Based on previous researches, we believe that there may be a correlation between shift work, HCC and sleep disorders, and that different shift patterns may have different effects on HCC and sleep disorders, as different shift patterns may lead to different shift frequency, working hours and rest hours. Therefore, we studied different shift patterns separately and put forward the following hypotheses: (1) shift work is associated with sleep disorders; (2) employees with sleep disorders have a higher level of HCC and (3) HCC is a mediating variable between shift work and sleep disorders. It is also worth investigating whether the difference in HCC levels between shift workers and day workers is age- related.
A total of 460 workers of three petroleum administrations in Karamay city of Xinjiang were randomly selected as a target group for the study. The sampling method was as follows: There were five factories in the three petroleum administrations, each with 4 teams and a total of 20 teams. These 20 teams were numbered, and randomly selected 10 teams according to random number table method. A total of 460 petroleum workers from 10 teams were used as research objects. The inclusion criteria were as follows: (1) participants aged 20–60; (2) those who had worked for more than 1 year. The exclusion criteria were as follows: (1) participants with incomplete questionnaire data (n=15); (2) participants with previous depression, schizophrenia and other diseases that may lead to sleep disorders (n=2) and (3) participants with hair shorter than 3 cm (n=8). Finally, 435 individuals, 164 men and 271 women, participated in this research and their hair samples were collected.
Information on the shift work was obtained using a questionnaire. We defined the normal day shift employees as having a fixed day shift, and the others as undertaking shift work. Shift work was divided into ‘two shifts,’ ‘three shifts,’ ‘four shifts’ and ‘others’ according to the shift mode. ‘Two shifts’ included a day shift and a night shift, 12 hours per shift. Considering the biological rhythm of employee, two shifts were rotated once for one or 2 weeks, which means that an employee would work around the clock at least twice a month. This shift pattern may lead to longer working hours and make workers more tired. ‘Three shifts’ meant that employees were divided into three groups. There were two groups of employees worked every day (divided into day shift and night shift, 12 hours per shift) and one group rest. They worked in turn according to the arrangement order. ‘Four shifts’ meant that employees were divided into four groups, three groups worked (divided into day shift, mid shift and night shift, 8 hours per shift) and one rest. ‘Others’ referred to all shift patterns except the modes mentioned above.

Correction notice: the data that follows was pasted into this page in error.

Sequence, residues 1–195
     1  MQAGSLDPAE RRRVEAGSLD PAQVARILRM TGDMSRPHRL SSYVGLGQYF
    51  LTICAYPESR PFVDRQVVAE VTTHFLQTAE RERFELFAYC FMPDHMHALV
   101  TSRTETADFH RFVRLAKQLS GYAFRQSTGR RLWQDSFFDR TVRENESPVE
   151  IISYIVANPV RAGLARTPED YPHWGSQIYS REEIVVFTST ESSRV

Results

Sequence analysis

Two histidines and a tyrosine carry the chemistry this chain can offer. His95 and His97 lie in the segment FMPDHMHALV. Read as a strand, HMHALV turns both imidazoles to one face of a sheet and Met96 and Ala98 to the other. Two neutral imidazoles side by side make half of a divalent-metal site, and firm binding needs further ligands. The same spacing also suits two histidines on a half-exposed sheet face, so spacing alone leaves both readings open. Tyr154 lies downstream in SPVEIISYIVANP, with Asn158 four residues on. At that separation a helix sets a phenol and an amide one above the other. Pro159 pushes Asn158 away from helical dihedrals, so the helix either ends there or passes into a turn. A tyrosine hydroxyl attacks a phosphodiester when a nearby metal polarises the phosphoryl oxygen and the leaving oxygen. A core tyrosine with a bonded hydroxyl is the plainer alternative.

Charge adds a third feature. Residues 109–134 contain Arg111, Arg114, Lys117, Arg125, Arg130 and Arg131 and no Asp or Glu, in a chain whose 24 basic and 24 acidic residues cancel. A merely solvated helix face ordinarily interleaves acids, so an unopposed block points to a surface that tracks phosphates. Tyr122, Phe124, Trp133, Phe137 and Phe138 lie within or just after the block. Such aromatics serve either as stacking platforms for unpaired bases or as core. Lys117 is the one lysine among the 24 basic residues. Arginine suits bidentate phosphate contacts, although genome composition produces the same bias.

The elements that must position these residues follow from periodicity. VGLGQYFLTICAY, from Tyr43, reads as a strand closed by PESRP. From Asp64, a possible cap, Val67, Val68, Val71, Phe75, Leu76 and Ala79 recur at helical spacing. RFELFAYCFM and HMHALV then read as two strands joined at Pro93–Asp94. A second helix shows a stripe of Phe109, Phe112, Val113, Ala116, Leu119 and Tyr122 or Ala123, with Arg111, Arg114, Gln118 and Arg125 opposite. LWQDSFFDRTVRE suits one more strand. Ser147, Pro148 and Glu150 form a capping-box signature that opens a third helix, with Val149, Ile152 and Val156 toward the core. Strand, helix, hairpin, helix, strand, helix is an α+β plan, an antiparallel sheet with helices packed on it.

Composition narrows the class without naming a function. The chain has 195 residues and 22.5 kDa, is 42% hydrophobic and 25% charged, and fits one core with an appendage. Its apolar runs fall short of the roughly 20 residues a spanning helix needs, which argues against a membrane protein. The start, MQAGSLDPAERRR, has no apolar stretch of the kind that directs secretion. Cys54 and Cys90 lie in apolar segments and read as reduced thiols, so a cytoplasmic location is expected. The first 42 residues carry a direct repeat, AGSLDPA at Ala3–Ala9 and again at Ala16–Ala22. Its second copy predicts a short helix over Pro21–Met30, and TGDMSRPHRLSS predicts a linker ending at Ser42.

The Pittsburgh Sleep Quality Index scale was used to assess the sleep quality of the participants over the past month. It consists of 19 self-evaluation items generating seven components: subjective sleep quality, sleep latency, sleep duration, habitual sleep efficiency, sleep disturbances, use of sleeping medication and daytime dysfunction, and five items evaluated by family members that were not counted in the total score. Each of the seven components was scored 0–3, and the total score range was 0–21. Higher scores indicated worse sleep quality. It was considered as sleep disorder if the cumulative score was more than 7.
Hair cortisol concentration
Hair samples of 2–3 cm and 20–30 mg were collected from the hair roots of the participants. The pretreatment process for hair sampling followed the experimental procedures described in the patent ‘a pretreatment method for detecting cortisol content in hair.’ The hair samples were washed and exfoliated with 2–3 mL isopropanol for 5 min; the exfoliated hair samples were frozen with liquid nitrogen for more than 4 hours and then crushed; the crushed hair samples were placed in centrifuge tubes, 5 mL methanol solution and 3 mL ether solution (methanol: ether volume ratio 5:3) added, and placed in a water bath at 50.8°C for 16 hours for extraction and incubation. The analytical process involved mixing the hair debris by inversion several times and centrifugation at low speed (3500 rpm) for 15 min. The supernatant was removed and put it into a 4 mL Eppendorf tube; a nitrogen blower was used to dry the mixture after extraction; 2 mL phosphate buffer solution was added, and the sample placed in a refrigerator at −4°C for cold storage until the test day. A radioimmunoassay kit for detecting iodine [125I] cortisol and an automatic radioimmunoassay instrument were used to determine HCC.
In this study, we collected covariates, including gender, age, ethnicity, education, marital status, monthly income (yuan), physical exercise, smoking status, alcohol consumption, length of service (years) and type of work, using a self-administered questionnaire. Age was divided into ‘<30,’ ‘30–,’ ‘40–’ years; ethnicity was divided into ‘Han,’ ‘Uighur’ and ‘others’; education was divided into ‘high school and below,’ ‘junior college’ and ‘bachelor degree and above’; marital status was divided into ‘single,’ ‘married’ and ‘others (divorced, widowed and remarried)’; monthly income (yuan) was divided into ‘<3000,’ ‘3000–5000’ and ‘≥5000’; physical exercise was divided into ‘never,’ ‘<3 times/week,’ ‘≥3 times/week’ and ‘irregular’ according to the frequency; smoking status was divided into ‘frequently’ (≥1 cigarette/day), ‘occasionally’ (<1 cigarette/day), ‘quitted’ and ‘never’; alcohol consumption was quantified in ‘g’ for beer, rice wine, red wine, white wine and divided into ‘frequently’ (≥8 g/day), ‘occasionally,’ (<8 g/day) ‘quitted’ and ‘never’; length of service (years) was divided into ‘<20’ and ‘≥20’; type of work was divided into ‘oil transportation,’ ‘oil extraction,’ ‘refinery’ and ‘others.’